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My Path to Google

This Googler turned her passion for branding into a career

Tennessee, wearing a floral shirt, smiles at the camera.

Welcome to the latest edition of “My Path to Google,” where we talk to Googlers, interns and alumni about how they got to Google, what their roles entail and how they prepared for interviews.

Today’s post features Tennessee Watt — a London-based associate product marketing manager. Tennessee has lots of advice to share about interviewing at Google, especially because she applied four different times before landing on the brand and reputation team!

What’s your role at Google?

I'm in the Associate Product Marketing Manager program, which is a rotational development program for early-career marketers. In my current rotation, I work on Google's brand and reputation team. More specifically, my work is aligned to our platforms and ecosystems (P&E) product area, which means I get to develop campaigns that promote Google's offering for developers and other technologists. As part of this work, I recently led the refresh of P&E’s social media strategy, resulting in a full reconsideration of our audiences’ wants and, consequently, the content we offer.

What’s a typical work day like?

My work day usually starts with a double espresso and a look through my to-do list. Most of my team is based in the U.S., so my mornings tend to be clear of meetings. As a result, I use this time to work on documents like event strategies and creative briefs. In the afternoon, I usually attend a few team meetings for each of my projects. During those sessions, my team and I touch base on progress, set goals for the week and brainstorm ideas. Outside of my core role, I'm a member of the Inclusive Marketing Consultants group, so I also help review marketing campaigns before they launch, ensuring they meet Google's standards for inclusive marketing.

Can you tell us a bit more about yourself?

I grew up in London and was interested in tech from a young age. I was 4 when I got my first computer, and was 14 when I learned video editing. During this time, I also explored other passions — from martial arts to stage school. However, when it came time to decide what to do for work, I knew I wanted to work in a communications role focused on tech. To achieve this, I studied business and finance during undergrad, followed by a master’s degree in management where I specialised in digital innovation. In fact, I even wrote my dissertation on the Google Ads business model, which definitely helped launch my career in digital marketing!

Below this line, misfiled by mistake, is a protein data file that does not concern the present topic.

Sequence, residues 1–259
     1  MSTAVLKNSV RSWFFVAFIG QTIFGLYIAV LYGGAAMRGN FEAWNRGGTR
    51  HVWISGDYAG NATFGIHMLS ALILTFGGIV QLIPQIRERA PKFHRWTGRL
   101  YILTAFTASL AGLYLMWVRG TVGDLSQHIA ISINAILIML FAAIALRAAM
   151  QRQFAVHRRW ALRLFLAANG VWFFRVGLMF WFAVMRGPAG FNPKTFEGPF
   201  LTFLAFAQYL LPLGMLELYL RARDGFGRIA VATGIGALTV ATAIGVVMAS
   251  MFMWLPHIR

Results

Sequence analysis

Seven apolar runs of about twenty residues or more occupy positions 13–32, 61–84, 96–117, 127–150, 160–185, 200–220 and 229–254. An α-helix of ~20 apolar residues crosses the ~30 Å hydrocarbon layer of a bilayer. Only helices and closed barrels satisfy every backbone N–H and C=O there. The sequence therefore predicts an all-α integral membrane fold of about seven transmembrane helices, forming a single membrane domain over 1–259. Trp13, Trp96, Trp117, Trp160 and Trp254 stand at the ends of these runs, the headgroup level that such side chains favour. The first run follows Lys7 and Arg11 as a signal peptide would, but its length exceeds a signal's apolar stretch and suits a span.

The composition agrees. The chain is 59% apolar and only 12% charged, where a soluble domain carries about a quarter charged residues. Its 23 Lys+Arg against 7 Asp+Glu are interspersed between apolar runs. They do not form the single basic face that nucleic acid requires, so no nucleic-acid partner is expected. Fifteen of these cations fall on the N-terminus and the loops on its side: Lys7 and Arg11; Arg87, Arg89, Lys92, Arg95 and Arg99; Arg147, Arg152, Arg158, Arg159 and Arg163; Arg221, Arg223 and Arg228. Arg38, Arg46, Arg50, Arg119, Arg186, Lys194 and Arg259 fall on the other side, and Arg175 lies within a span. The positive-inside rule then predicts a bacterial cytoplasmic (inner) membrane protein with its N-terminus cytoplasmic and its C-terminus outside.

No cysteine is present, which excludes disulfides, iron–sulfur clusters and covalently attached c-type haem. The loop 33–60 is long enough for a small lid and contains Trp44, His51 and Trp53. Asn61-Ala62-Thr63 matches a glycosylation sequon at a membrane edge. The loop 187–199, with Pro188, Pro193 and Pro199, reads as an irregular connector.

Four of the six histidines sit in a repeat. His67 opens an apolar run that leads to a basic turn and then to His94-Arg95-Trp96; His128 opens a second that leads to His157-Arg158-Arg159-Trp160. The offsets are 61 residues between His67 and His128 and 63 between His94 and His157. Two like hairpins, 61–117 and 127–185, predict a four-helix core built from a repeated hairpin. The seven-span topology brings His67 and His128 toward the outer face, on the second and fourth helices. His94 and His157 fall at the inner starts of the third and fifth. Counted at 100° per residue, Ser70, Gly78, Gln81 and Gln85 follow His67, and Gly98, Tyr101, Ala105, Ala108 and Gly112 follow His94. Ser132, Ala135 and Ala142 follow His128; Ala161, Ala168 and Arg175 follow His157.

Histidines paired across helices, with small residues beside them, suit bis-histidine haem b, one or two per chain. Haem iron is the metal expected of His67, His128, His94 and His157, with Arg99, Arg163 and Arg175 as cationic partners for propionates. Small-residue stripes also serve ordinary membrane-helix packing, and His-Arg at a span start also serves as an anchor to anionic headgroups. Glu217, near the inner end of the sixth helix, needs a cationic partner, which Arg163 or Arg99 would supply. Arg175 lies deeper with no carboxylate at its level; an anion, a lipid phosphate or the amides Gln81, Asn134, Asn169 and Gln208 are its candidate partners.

How did you end up working at Google?

Before starting in my current role, I actually applied to Google three times, each unsuccessfully, before deciding to take a year's break to gain some more experience and mentorship before applying again. Using that time to focus on my passions made all the difference. When I applied for the fourth and final time, I felt much more confident because I was far more certain of my abilities and what I brought to the table!

How did you prepare for your Google interviews?

I started by creating an elevator pitch to neatly discuss my past experiences, the skills I bring to a team and the quantified impact I'd had in past roles (campaign engagements, sign ups, etc.). I also made sure to read up on, and develop a point of view around, Google's recent projects and commitments related to the role's product area. And finally, I practised answering interview questions using the 'STAR' method — basically, centering my response around the situation, task, action and result.

Any tips for aspiring Googlers?

For behavioural questions ("tell me about a time.."), I suggest answering like you're telling a story about what happened. Your answers have to be structured, of course, but the interviewer wants to know who you really are, so it's important to be authentic so your confidence and passion shines through. I'd also say to be patient! Google's recruitment process can be lengthy and challenging, but it's just as much about you seeing if Google is the right place for you than it is the other way around. And most importantly, figure out what you're good at, what you enjoy doing and what the world needs you to do — then apply to a role that fits!

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